Female Musicians of the 90s
The 90s for female singers was about much more than Celine Dion’s tragically epic Titanic theme. It’s hard to deny the explosion of successful women onto the music scene, particularly the influence of singer/songwriters. Even though many of them flounder in marginal obscurity today, at the time they inspired a generation of young women to pick up a guitar, learn a few chords and start emoting.
In a lot of ways, it seems like the classically trained pianist Tori Amos led the pack of empowered-but-sensitive female performers in the 90s. She built a career, a brand, and a very loyal fan base without much chart success, which is a feat on its own. 1992’s "Silent All These
Years" was one of those songs that made every 15-year-old girl want to learn piano, and 1994’s "Cornflake Girl" is arguably the most upbeat song ever written about female genital mutilation — but neither broke the Billboard 100.
Melissa Etheridge gave us 1993’s "I’m the Only One" an 1994’s "Come to My Window." The former made it into Billboard’s Top 10, but the latter peaked at #25. Etheridge’s blues-inspired vocals and ballsier-by-comparison performance style made a hefty impact on the singer/songwriter scene — not to mention the fact that she was an outspoken lesbian over 30 — a pretty big deviation from the norm for pop music in the 90s (or ever).
Lisa Loeb’s 1994 single "Stay (I Missed You)" gained incredible traction due to its placement in the movie Reality Bites. Her iconic glasses and charmingly nasal voice gave her a #1 hit with this particular tune, but she was never able to garner quite as much success with her follow up singles — 1997’s "I Do" was her highest charting single after "Stay," peaking at #17 on the U.S. charts.
Alanis Morissette defined angst for a generation of pubescent girls with her 1995 album Jagged Little Pill. Six singles were released off the record over the course of two years. The first, "You Oughta Know," made it to Billboard’s #4 spot in the U.S., but was succeeded by the more successful and vocabulary-challenged "Ironic" in ’96, which reached #3 in the States. Strangely enough, "You Oughta Know" barely scraped the Top 20 in the singer’s home country of Canada, whereas four of the six singles shot up to #1.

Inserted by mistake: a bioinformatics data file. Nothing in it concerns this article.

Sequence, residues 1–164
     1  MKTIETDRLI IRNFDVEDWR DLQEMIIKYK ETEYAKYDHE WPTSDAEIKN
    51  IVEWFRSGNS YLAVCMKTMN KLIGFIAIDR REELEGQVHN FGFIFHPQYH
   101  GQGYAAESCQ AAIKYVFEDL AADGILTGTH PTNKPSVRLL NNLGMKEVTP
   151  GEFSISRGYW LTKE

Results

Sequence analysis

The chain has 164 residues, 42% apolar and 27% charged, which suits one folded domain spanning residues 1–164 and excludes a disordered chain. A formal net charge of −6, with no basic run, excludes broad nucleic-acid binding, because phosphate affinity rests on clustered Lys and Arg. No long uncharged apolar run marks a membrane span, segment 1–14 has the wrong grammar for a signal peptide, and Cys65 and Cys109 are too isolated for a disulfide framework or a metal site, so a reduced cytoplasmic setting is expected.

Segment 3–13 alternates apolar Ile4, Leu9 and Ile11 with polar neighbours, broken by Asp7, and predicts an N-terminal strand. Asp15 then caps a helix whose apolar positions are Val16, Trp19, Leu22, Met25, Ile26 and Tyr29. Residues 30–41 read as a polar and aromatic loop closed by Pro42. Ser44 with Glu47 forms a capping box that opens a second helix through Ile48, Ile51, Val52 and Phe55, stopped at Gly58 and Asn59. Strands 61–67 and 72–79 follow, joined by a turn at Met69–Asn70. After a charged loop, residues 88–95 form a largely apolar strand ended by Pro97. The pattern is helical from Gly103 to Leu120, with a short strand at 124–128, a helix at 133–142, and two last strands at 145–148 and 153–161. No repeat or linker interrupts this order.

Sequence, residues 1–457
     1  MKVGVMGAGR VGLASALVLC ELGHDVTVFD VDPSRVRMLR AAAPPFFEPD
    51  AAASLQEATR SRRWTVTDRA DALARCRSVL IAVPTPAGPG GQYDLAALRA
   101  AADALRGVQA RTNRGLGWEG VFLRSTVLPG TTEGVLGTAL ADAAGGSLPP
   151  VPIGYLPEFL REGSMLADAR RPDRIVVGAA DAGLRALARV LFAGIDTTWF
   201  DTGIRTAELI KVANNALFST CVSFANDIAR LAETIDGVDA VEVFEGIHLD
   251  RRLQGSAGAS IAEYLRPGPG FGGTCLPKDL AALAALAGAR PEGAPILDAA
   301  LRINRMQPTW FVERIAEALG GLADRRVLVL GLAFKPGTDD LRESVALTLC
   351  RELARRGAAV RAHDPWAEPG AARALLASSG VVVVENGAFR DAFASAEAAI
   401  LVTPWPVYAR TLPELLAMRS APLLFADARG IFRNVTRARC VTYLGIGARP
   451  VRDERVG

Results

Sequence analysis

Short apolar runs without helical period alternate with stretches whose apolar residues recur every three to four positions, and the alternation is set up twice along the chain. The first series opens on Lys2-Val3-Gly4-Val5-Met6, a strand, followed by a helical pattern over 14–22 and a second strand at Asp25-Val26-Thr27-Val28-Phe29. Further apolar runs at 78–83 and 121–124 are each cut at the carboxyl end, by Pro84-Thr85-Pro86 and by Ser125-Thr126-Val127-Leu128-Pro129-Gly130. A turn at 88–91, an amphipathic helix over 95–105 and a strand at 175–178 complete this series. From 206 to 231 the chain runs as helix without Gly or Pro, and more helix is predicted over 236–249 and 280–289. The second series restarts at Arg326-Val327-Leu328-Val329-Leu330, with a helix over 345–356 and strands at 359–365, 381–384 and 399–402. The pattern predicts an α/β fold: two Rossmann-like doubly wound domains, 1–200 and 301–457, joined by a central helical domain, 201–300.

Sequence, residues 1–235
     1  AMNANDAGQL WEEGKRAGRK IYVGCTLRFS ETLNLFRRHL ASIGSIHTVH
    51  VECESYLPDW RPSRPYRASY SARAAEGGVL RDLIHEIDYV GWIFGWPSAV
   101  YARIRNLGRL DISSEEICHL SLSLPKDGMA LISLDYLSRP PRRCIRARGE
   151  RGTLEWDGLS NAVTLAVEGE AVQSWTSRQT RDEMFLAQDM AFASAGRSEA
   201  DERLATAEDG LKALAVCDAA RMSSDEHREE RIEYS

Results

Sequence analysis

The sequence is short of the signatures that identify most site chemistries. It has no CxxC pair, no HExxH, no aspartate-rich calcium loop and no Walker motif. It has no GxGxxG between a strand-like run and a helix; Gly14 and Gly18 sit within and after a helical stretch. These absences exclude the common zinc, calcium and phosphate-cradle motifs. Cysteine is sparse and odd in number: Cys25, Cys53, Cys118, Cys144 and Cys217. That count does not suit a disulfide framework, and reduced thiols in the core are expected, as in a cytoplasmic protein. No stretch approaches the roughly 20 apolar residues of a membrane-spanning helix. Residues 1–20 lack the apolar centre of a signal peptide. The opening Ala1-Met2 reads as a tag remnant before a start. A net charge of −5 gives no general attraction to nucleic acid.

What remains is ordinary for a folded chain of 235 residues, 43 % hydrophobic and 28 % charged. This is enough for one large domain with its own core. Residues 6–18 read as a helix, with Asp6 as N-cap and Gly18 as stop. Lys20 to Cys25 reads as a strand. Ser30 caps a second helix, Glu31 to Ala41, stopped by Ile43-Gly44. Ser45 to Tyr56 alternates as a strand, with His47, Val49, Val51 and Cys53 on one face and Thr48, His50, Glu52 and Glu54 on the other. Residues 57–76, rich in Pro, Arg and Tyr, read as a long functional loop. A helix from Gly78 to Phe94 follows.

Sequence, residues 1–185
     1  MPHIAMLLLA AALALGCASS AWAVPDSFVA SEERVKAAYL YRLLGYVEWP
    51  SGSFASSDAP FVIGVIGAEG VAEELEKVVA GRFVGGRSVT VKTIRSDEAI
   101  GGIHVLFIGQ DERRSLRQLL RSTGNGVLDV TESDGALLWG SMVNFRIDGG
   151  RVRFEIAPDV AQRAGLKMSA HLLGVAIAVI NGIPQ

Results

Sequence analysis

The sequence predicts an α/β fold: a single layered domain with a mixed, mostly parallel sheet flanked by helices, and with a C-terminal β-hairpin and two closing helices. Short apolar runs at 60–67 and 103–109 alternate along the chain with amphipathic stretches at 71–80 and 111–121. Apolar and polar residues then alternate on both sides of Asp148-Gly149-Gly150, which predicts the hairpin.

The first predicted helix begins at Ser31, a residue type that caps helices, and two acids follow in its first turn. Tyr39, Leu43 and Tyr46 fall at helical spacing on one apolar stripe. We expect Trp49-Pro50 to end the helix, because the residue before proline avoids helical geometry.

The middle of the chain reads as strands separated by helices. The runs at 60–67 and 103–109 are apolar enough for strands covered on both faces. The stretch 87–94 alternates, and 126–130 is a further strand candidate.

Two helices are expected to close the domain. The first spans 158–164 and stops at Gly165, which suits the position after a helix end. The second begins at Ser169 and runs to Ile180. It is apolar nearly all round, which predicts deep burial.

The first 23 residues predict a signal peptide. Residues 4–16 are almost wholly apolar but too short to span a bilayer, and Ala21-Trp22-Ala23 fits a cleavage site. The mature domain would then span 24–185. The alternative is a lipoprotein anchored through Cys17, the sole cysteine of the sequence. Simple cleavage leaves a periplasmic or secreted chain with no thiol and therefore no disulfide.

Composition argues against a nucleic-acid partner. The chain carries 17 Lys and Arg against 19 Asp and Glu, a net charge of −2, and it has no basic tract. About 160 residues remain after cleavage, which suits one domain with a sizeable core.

1996 gave us the launch of Fiona Apple, a stellar vocalist with piano skills to match. Her first studio album, Tidal, produced six singles, only one of which charted: "Criminal" (released in ’97). The video for "Criminal" was both iconic and controversial, featuring a scantily-clad Apple insinuating a love for ejaculate with dish soap. Her career wavered for the rest of the decade, producing little more than a cover of John Lennon’s "Across the Universe" for the Pleasantville soundtrack.
Continuing the Canadian invasion later in the decade was singer/songwriter Sarah McLachlan, best known today for making dog lovers change the channel. McLachlan bulldozed her way to her biggest chart success in ’97 with her fourth studio album, Surfacing, which reached #1 in Canada and #2 in the United States. The leadoff single, "Building a Mystery," invaded alternative rock radio as well as pop stations. McLachlan can be credited with helping to spotlight female singers towards the end of the 90s, due in no small part to founding the music festival Lilith Fair, which featured musicians who were women throughout its three-year, nationwide run (’97-’99).
Dozens of other performers made their mark with the "girl and a guitar (or piano)" statement by charting high and reaching commercial success in the 90s. Sophie B. Hawkins with "Damn I Wish I Was Your Lover" (1992); Tracy Chapman with "Give Me One Reason" (1995); Shawn Colvin with "Sunny Came Home" (1996); Sheryl Crow with "All I Wanna Do" and "Strong Enough" (1994); Meredith Brooks with "Bitch" (1997); and many, many more. These women of the 90s wrote their own material, played their own instruments, and commanded the spotlight like few before them had, opening the door for the next generation of confident, competent female musicians.
History of 90s Rock
90s Time Machine Playlist
She Drove the 90s ‘Crazy’
1990s Swing Movement